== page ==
Local marketing agency Bob's Your Uncle created the website RobFordCoal.com, which promised to "deliver a big pile of coal to City Hall for the naughtiest boy on Santa's list."

    “We created it because, I think like many citizens of Toronto, we’re somewhat appalled at our current situation,” CEO Bob Froese told Metro Toronto regarding the mayor and the sleigh-load of scandal and controversy he has brought to the city.

    [ More Brew: Rob Ford's Christmas gift advice: ‘Women love money’ ]

    The site was also collecting money for needy children during the Christmas season, but the big

    Read More »from Not only in Philadelphia: Rob Ford supporters heckle Santa Claus
  • Three laws governing prostitution in Canada were struck down by the Supreme Court on Friday, in a unanimous decision that found them to be unconstitutionally broad.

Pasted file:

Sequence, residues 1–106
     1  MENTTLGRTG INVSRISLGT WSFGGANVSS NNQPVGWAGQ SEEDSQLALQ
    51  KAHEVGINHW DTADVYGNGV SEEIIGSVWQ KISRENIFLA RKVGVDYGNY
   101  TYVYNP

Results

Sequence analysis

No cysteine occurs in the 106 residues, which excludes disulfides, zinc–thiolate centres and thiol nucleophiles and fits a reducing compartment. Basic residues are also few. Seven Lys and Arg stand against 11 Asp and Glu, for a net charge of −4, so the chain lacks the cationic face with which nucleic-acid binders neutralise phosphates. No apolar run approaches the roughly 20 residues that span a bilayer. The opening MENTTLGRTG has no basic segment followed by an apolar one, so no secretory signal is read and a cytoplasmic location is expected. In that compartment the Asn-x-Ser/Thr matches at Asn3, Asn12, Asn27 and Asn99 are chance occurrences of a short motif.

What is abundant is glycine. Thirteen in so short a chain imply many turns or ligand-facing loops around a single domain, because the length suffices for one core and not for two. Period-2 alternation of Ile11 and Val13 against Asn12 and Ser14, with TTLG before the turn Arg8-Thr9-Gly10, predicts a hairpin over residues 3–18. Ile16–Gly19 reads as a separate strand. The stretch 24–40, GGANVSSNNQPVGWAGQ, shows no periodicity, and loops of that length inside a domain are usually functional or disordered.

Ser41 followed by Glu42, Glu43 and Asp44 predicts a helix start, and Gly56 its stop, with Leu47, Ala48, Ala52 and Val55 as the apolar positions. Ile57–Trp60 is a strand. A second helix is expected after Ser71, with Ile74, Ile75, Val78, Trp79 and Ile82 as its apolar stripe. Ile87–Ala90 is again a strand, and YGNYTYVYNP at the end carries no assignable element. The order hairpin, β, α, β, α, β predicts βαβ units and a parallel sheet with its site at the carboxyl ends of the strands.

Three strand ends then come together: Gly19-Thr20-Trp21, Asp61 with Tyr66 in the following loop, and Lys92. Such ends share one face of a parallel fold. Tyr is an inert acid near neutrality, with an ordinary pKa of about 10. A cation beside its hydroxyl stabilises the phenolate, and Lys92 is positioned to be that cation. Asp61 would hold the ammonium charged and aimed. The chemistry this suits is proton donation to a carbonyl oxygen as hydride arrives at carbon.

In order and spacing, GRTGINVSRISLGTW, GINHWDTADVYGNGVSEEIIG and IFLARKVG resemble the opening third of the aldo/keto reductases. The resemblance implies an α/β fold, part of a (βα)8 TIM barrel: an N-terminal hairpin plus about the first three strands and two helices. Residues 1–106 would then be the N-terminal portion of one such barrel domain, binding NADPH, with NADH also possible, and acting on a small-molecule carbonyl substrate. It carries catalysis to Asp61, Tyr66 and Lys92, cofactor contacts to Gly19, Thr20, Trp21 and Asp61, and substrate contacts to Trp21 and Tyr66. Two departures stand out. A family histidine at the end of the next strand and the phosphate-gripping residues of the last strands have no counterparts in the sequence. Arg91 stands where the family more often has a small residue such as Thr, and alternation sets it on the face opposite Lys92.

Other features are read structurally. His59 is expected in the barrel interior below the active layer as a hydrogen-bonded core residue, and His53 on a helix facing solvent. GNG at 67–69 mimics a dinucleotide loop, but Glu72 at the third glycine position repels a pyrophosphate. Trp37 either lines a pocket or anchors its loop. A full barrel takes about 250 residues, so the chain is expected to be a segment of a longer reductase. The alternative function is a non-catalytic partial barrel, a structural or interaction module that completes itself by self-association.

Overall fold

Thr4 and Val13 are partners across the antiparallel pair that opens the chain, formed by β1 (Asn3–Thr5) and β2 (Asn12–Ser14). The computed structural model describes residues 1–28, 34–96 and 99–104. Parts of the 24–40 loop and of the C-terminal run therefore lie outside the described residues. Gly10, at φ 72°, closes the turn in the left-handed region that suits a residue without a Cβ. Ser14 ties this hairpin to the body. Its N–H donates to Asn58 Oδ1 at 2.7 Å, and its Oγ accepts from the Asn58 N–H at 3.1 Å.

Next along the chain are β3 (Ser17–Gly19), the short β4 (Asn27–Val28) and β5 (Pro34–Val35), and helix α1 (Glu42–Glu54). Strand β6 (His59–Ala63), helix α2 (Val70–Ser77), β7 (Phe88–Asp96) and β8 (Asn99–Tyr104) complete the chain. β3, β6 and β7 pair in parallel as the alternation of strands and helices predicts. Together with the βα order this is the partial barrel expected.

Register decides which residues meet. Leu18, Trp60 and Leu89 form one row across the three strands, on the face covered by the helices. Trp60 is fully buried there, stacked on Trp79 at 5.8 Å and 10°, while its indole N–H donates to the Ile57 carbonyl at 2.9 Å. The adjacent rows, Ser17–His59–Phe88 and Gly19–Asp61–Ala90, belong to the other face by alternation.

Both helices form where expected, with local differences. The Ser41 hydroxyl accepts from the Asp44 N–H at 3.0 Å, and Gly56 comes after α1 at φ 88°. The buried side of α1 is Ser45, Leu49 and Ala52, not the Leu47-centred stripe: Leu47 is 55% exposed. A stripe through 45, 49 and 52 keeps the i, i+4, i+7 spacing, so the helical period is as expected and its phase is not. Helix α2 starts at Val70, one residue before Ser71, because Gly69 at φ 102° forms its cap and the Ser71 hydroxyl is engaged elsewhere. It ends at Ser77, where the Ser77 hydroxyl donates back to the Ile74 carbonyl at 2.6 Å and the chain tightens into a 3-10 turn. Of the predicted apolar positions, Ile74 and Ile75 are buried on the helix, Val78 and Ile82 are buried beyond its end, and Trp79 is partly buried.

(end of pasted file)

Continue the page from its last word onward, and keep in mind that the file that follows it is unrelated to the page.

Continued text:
The Supreme Court of Canada voted 9-0 to throw out laws that make it illegal to keep a brothel, to live off the avails of prostitution and to solicit prostitution on the street.

    Minister of Justice Peter MacKay responded to the Supreme Court ruling, stating he was concerned by the ruling and was considering how to respond.

    "We are reviewing the decision and are exploring all possible options to ensure the criminal law continues to address the significant harms that flow from prostitution to communities, those engaged in prostitution, and vulnerable persons," MacKay said in a statement.

    "We are committed to the safety of all Canadians and the well-being of our communities. A number of other Criminal Code provisions remain in place to protect those engaged in prostitution and other vulnerable persons, and to address the negative

    Read More »from Supreme Court strikes down anti-prostitution laws